Table 2. Identification of the Dominant Residuals (Based on Median Values) for All Faults Fault Residual [R.sub.1] [R.sub.2] [R.sub.3] Supply Air [small circle] [small circle] [small sqare] Temperature Offset, 2[degrees]C (3.6[degrees]F) Supply Air [small circle] [small circle] Temperature Offset, -2[degrees]C (-3.6[degrees]F) Return Air Temperature Offset, 2[degrees]C (3.6[degrees]F) Return Air Temperature Offset, -2[degrees]C (-3.6[degrees]F) Mixed Air Temperature Offset, 2[degrees]C (+3.6[degrees]F) Mixed Air Temperature Offset, -2[degrees]C (-3.6[degrees]F) Outdoor Air [small circle] [small circle] Temperature Offset, 2[degrees]C (3.6[degrees]F) Outdoor Air [small circle] [small circle] Temperature Offset, -2[degrees]C (-3.6[degrees]F) Recirculation Air [large circle] [large circle] Damper Stuck Open Recirculation Air [large square] Damper Stuck Closed Recirculation Air [small circle] [small square] Damper Stuck Half-Way Recirculation Air [small circle] [small circle] Damper Leakage (10%) Cooling Coil [large circle] [large circle] [large square] Valve Stuck Open (20%) Cooling Coil [small circle] [small circle] [small square] Valve Leakage (3%) Heating Coil [large circle] [large circle] [small square] Valve Stuck Open (10%) Heating Coil [large circle] [large circle] [small square] Valve Leakage (3%) Fault Residual [R.sub.4] [R.sub.5] [R.sub.6] Supply Air [small square] [small circle] Temperature Offset, 2[degrees]C (3.6[degrees]F) Supply Air [small circle] Temperature Offset, -2[degrees]C (-3.6[degrees]F) Return Air Temperature Offset, 2[degrees]C (3.6[degrees]F) Return Air Temperature Offset, -2[degrees]C (-3.6[degrees]F) Mixed Air [small circle] Temperature Offset, 2[degrees]C (+3.6[degrees]F) Mixed Air [small circle] Temperature Offset, -2[degrees]C (-3.6[degrees]F) Outdoor Air Temperature Offset, 2[degrees]C (3.6[degrees]F) Outdoor Air Temperature Offset, -2[degrees]C (-3.6[degrees]F) Recirculation Air Damper Stuck Open Recirculation Air [large square] [large square] Damper Stuck Closed Recirculation Air [small square] [small square] Damper Stuck Half-Way Recirculation Air Damper Leakage (10%) Cooling Coil [large square] [large circle] Valve Stuck Open (20%) Cooling Coil [small square] [large circle] Valve Leakage (3%) Heating Coil [small square] [large circle] Valve Stuck Open (10%) Heating Coil [small square] [large circle] Valve Leakage (3%) Fault Residual [R.sub.7] [R.sub.8] [R.sub.9] Supply Air Temperature Offset, 2[degrees]C (3.6[degrees]F) Supply Air Temperature Offset, -2[degrees]C (-3.6[degrees]F) Return Air [small sqare] Temperature Offset, 2[degrees]C (3.6[degrees]F) Return Air [small sqare] Temperature Offset, -2[degrees]C (-3.6[degrees]F) Mixed Air [small square] [small circle] [small square] Temperature Offset, 2[degrees]C (+3.6[degrees]F) Mixed Air [small square] [small circle] [small square] Temperature Offset, -2[degrees]C (-3.6[degrees]F) Outdoor Air [small square] [small circle] Temperature Offset, 2[degrees]C (3.6[degrees]F) Outdoor Air [large square] [small circle] Temperature Offset, -2[degrees]C (-3.6[degrees]F) Recirculation Air [large square] [small circle] Damper Stuck Open Recirculation Air [large square] Damper Stuck Closed Recirculation Air [small square] Damper Stuck Half-Way Recirculation Air [small square] Damper Leakage (10%) Cooling Coil Valve Stuck Open (20%) Cooling Coil Valve Leakage (3%) Heating Coil Valve Stuck Open (10%) Heating Coil Valve Leakage (3%) Fault Residual [R.sub.10] [R.sub.11] [R.sub.12] Supply Air [small circle] [small circle] Temperature Offset, 2[degrees]C (3.6[degrees]F) Supply Air [small circle] [small circle] Temperature Offset, -2[degrees]C (-3.6[degrees]F) Return Air Temperature Offset, 2[degrees]C (3.6[degrees]F) Return Air Temperature Offset, -2[degrees]C (-3.6[degrees]F) Mixed Air [small circle] [small circle] [small circle] Temperature Offset, 2[degrees]C (+3.6[degrees]F) Mixed Air [small circle] [small circle] [small circle] Temperature Offset, -2[degrees]C (-3.6[degrees]F) Outdoor Air [small circle] Temperature Offset, 2[degrees]C (3.6[degrees]F) Outdoor Air [small circle] Temperature Offset, -2[degrees]C (-3.6[degrees]F) Recirculation Air [large circle] Damper Stuck Open Recirculation Air Damper Stuck Closed Recirculation Air [small circle] Damper Stuck Half-Way Recirculation Air [small circle] Damper Leakage (10%) Cooling Coil [large circle] [large circle] Valve Stuck Open (20%) Cooling Coil [large circle] [small circle] Valve Leakage (3%) Heating Coil [large circle] [large circle] Valve Stuck Open (10%) Heating Coil [large circle] [large circle] Valve Leakage (3%) Fault Residual [R.sub.13] Supply Air Temperature Offset, 2[degrees]C (3.6[degrees]F) Supply Air Temperature Offset, -2[degrees]C (-3.6[degrees]F) Return Air Temperature Offset, 2[degrees]C (3.6[degrees]F) Return Air Temperature Offset, -2[degrees]C (-3.6[degrees]F) Mixed Air [small circle] Temperature Offset, 2[degrees]C (+3.6[degrees]F) Mixed Air [small circle] Temperature Offset, -2[degrees]C (-3.6[degrees]F) Outdoor Air [small circle] Temperature Offset, 2[degrees]C (3.6[degrees]F) Outdoor Air [small circle] Temperature Offset, -2[degrees]C (-3.6[degrees]F) Recirculation Air [large circle] Damper Stuck Open Recirculation Air Damper Stuck Closed Recirculation Air [small circle] Damper Stuck Half-Way Recirculation Air [small circle] Damper Leakage (10%) Cooling Coil Valve Stuck Open (20%) Cooling Coil Valve Leakage (3%) Heating Coil Valve Stuck Open (10%) Heating Coil Valve Leakage (3%) Notes: [small square] = outdoor air fraction residual differences for which 0.1[less than or equal to]|[[~.R].sub.i,normal]-[[~.R].sub.i,fault]| [less than or equal to]0.3, where [[~.R].sub.i,normal]] is the median value of residual i for normal operation, and [[~.R].sub.i,fault]] is the median value of residual i for faulty operation. [large square] = outdoor air fraction residual differences for which 0.3 < |[[~.R].sub.i,normal]-[[~.R].sub.i,fault]|. [small circle] = temperature residual differences for which 1[degrees]c (1.8[degrees]F)[less than or equal to] |[[~.R].sub.i,normal]-[[~.R].sub.i,fault]|[less than or equal to] 3[degrees]C (5.4[degrees]F). [large circle] = temperature residual differences for which 3[degrees]C (5.4[degrees]F)<|[[~.R].sub.i,normal]-[[~.R].sub.i,fault]|.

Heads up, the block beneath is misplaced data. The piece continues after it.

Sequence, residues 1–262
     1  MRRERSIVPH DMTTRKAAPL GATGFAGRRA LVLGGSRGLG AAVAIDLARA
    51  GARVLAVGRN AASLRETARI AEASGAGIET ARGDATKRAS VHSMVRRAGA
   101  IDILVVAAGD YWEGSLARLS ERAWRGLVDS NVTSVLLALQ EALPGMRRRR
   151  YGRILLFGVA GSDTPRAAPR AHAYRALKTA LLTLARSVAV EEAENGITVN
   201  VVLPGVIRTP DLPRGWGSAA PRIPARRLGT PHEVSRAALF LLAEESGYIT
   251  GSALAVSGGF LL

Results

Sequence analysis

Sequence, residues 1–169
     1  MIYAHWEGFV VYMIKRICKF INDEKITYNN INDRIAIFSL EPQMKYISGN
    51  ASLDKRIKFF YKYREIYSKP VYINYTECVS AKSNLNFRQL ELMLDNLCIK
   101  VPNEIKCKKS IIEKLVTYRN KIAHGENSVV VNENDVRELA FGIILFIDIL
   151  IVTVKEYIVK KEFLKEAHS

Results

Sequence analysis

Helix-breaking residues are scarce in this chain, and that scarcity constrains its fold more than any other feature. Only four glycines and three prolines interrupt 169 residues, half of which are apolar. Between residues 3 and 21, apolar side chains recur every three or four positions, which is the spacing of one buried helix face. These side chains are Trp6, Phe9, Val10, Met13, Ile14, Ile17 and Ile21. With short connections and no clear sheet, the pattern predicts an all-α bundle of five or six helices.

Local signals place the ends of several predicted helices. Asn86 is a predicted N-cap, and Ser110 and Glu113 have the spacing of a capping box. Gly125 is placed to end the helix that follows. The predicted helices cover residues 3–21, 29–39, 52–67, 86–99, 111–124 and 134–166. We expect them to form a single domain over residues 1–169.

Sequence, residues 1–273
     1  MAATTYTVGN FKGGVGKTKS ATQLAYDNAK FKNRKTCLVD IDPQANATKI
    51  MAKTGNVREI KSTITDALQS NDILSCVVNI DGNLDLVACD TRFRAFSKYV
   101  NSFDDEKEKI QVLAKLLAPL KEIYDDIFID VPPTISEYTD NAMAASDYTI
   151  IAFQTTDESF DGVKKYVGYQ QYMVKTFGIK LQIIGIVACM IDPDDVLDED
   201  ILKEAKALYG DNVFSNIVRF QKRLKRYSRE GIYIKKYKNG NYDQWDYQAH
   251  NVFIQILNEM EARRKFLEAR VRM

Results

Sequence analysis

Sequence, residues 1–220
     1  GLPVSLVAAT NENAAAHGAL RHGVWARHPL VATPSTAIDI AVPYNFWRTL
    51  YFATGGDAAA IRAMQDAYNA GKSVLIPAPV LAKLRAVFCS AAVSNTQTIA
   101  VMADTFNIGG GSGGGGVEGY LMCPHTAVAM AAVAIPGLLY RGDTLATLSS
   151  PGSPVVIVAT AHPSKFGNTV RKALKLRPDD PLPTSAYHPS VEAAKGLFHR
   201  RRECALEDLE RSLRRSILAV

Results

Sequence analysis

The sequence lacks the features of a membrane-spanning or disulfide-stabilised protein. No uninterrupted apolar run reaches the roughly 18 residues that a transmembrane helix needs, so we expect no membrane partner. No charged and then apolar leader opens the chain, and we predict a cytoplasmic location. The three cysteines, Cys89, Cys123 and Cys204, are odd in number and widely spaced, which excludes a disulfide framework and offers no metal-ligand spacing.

Table 2 shows that with the exception of the return air temperature sensor offset faults, each fault had four or more residuals for which the magnitude of the differences in the median values for normal and faulty operation exceeded 0.1 for outdoor air fraction residuals, and 1.0[degrees]C (1.8[degrees]F) for temperature residuals. In addition, the results indicate that residuals [R.sub.1] and [R.sub.2] may be adequate for detecting all of the damper and valve faults considered, except for the stuck-closed recirculation air damper fault. Residuals [R.sub.1] and [R.sub.2] only require measurements of the supply air and outdoor air temperatures. With the addition of return air temperature measurement, residuals [R.sub.3] and [R.sub.4] can be calculated and used to detect the stuck-closed recirculation air damper fault.